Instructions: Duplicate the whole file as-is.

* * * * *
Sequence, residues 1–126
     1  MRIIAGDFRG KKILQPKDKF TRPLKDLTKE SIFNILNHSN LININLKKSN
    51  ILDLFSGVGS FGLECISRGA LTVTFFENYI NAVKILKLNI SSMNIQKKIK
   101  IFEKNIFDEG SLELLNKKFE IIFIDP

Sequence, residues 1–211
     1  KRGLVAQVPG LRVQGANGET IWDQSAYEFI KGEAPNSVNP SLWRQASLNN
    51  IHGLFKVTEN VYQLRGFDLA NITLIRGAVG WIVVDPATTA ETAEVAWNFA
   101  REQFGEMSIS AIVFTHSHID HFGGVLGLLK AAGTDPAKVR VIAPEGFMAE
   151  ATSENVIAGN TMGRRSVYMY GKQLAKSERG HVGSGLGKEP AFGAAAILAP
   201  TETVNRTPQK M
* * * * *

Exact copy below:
Sequence, residues 1–126
     1  MRIIAGDFRG KKILQPKDKF TRPLKDLTKE SIFNILNHSN LININLKKSN
    51  ILDLFSGVGS FGLECISRGA LTVTFFENYI NAVKILKLNI SSMNIQKKIK
   101  IFEKNIFDEG SLELLNKKFE IIFIDP

Sequence, residues 1–211
     1  KRGLVAQVPG LRVQGANGET IWDQSAYEFI KGEAPNSVNP SLWRQASLNN
    51  IHGLFKVTEN VYQLRGFDLA NITLIRGAVG WIVVDPATTA ETAEVAWNFA
   101  REQFGEMSIS AIVFTHSHID HFGGVLGLLK AAGTDPAKVR VIAPEGFMAE
   151  ATSENVIAGN TMGRRSVYMY GKQLAKSERG HVGSGLGKEP AFGAAAILAP
   201  TETVNRTPQK M